Jan 30, 2012

Kids and Subjective Reality

Subjective Reality Kid Photo
Photo Credit: {amanda}

The plus side about embracing the subjective model of reality at a young age (I'm currently) is that I can still remember the way I perceived reality in my premature age. My theory is that we all are born with the instinct of the subjective reality, but social conditioning makes us lose it and forget about it with time.

I don't know if all people experience the same thing though or if it's just me. So if the following is relevant to you too, please leave a comment.

Note: The word "reality" will be used sporadically in this article. The concept of reality may (will) vary from person to person, so a single definition isn't maintained throughout the article. For example, reality/real could be used to point to "life", "truth", "existence", "possibility"...


My own memories

When I was young, probably before 10, I used to think of my life as if I was Jim Carey in The Truman Show. In short, I believed that something or someone was planning my life. It isn't the same as destiny or fate. It's more like a higher being who could read my mind and transform reality accordingly. Hence, the lives of others were irrelevant and unimportant, everything was conspiring to make my life (reality) the way it is (should be).

Back then, as I remember, the concepts of past and future were inexistent (unreal), there was only the present moment and what I'm doing right now.

Maybe it's just me, but maybe we are obliged to read The Power of Now before we incarnate as humans; so we still remember some of it at a young age but we forget all about it when we grow up (at least until we read the earth-version of the book).

Also, when I was a kid, I used to believe that if I didn't personally perceive something or some situation, then it isn't real(1). For example, say I heard that a fight has happened but I didn't witness it myself; it would mean that that fight isn't real (for me), only the

fight's consequences that I witness are.

What I'm trying to say is, it didn't matter what happened outside of my perception. If I didn't perceive it then it doesn't matter. Only the consequences that I perceived were real.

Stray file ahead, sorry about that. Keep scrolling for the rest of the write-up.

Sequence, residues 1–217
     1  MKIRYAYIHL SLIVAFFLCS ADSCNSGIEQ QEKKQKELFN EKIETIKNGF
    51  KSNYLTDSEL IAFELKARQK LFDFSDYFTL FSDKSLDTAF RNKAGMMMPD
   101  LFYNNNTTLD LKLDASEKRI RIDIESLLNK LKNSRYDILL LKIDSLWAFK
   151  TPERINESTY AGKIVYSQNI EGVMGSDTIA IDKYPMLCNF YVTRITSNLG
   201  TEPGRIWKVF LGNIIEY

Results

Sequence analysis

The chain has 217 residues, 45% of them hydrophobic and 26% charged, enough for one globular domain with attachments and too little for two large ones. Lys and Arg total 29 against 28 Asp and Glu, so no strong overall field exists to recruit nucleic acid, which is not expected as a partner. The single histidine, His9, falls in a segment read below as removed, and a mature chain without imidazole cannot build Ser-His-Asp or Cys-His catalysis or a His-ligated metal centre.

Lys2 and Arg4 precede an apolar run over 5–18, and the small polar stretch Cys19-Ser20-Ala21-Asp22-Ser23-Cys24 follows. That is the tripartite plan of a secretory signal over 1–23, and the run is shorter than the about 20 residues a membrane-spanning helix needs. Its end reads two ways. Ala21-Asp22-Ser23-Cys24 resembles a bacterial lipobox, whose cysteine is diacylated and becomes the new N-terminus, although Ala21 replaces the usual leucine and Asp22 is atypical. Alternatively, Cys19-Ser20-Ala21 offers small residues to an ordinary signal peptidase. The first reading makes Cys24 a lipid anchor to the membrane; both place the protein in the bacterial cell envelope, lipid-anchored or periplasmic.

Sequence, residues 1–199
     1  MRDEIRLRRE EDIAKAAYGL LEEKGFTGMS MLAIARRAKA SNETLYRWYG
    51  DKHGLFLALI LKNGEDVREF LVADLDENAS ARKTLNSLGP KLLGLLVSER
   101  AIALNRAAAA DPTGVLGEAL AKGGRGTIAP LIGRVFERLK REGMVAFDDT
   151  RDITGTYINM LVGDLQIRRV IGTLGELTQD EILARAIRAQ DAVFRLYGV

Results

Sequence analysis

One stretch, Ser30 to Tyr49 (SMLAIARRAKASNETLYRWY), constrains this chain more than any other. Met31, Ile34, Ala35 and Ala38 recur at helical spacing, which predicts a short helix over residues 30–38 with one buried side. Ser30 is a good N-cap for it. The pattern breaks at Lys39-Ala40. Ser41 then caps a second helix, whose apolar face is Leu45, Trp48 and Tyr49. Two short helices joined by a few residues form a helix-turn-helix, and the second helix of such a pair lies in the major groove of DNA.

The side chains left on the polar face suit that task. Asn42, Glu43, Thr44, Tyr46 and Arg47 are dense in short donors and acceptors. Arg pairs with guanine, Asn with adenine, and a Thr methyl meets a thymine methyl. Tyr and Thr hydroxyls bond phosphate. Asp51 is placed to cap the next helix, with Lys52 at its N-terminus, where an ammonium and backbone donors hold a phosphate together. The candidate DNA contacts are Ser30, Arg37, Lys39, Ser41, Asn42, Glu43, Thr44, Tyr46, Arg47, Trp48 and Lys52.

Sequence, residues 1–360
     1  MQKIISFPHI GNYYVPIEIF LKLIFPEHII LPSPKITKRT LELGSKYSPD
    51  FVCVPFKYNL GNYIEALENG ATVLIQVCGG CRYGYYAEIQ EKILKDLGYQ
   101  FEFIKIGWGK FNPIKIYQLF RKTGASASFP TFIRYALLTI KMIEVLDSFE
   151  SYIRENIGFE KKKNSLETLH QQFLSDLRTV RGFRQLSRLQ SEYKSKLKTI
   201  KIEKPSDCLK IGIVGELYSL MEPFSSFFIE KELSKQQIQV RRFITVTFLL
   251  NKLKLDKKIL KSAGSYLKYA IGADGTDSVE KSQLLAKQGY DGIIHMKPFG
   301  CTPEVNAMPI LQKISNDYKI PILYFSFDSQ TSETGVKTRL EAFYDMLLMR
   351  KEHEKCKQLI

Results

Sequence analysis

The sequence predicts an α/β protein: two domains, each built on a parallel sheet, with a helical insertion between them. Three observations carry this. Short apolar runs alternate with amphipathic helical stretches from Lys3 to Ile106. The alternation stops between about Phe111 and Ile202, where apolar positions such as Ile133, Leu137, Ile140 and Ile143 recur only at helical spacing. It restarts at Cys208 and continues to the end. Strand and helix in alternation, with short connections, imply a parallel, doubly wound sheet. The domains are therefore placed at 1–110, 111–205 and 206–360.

Fast forward to the present moment. Now after I (re)embraced the subjective reality model, I think of reality exactly the same way. For example, in the dream world, if you heard that your parents had a fight, does that mean that a fight really has occurred? Of course not. If you didn't see (witness) your parents fighting then the fight isn't real(1). Tough you'll definitely experience the (real) consequences of that fight in your dream.

And since subjective reality suggests that the world we're living in when we're not dreaming is nothing but a dream of the higher consciousness, the way kids think of reality matches to a great extent the subjective reality model.

Kids and the LoA

How about kids and intention-manifestation?


Are you kidding me? Have you ever saw a kid with a goal? Kids don't have limiting believes. Not until we install some into them, so if a kid wanted to have something they'd go right ahead and grab it.

Consider the following scenario:
A kid is walking by a toy store with his parents. The kid sees a toy that he like. The kid sets the goal of obtaining the toy. If the kid faces resistance, he'd do anything to achieve his goal, whether it's begging, whining, crying, shouting... The result? He usually achieve his goal in under 24 hours, usually in minutes. How fast is that?

"And, when you want something, all the universe conspires in helping you to achieve it" ~Paulo Coelho
It's no wonder that when we ask kids what they want to do when they grow up, we get answers like: "I want to become an astronaut, the president or CEO of Oreo..." They are aware that if they had the right mind-set, the skill-set and tool-set will follow. But alas, there's always a "grown up" around to convince them with the limiting believes of why these goals are "unrealistic", "inefficient" or even "impossible".


Thought-created reality


Subjective Reality + LoA = Thought-Created Reality

Thought-created reality suggests that (your) reality manifests according to your core believes.

But kids believe in all sort of things!! Does this mean that all the fairy-taley things that kids believe in are real? Well yes... until we convince them otherwise. Let's take Santa for example; kids believe in Santa right? So Santa, for them, is as real as anything else. But they don't see who puts the presents under the tree, so according to the subjective reality, the act of putting the presents under the tree never occurred, just like the dream example. Only the consequences, i.e. the presents, are real. But they still believe Santa puts the presents, so that's how there reality will be, until we convince otherwise; that's when Santa stops coming.

Actually, the subjective reality says that if every Santa non-believer ceased to exist or became a Santa believer, then Santa would become a reality because there would be no one to un-create and un-manifest him.

All the Santa believers will make Santa become real. How fun is that?
 


OK, so what's the lesson from all of this?
1) Kids are great manifesters, they'd do anything to achieve their goals.
2) Kids don't have any limiting believes, nothing is impossible to them.
3) What kids believe in is real. Until we convince them otherwise.
4) Kids know that reality is thought-created, and that whatever they think of will soon become real.

I could go on and on... and on... about how pure the way kids perceive reality. But we were all kids once (unless you have The Curious Case of Benjamin Button). We all have these powers and abilities inside of us, we just forgot how to use them. It's then by embracing our "mini-us" that we can (try to) restore these hidden powers.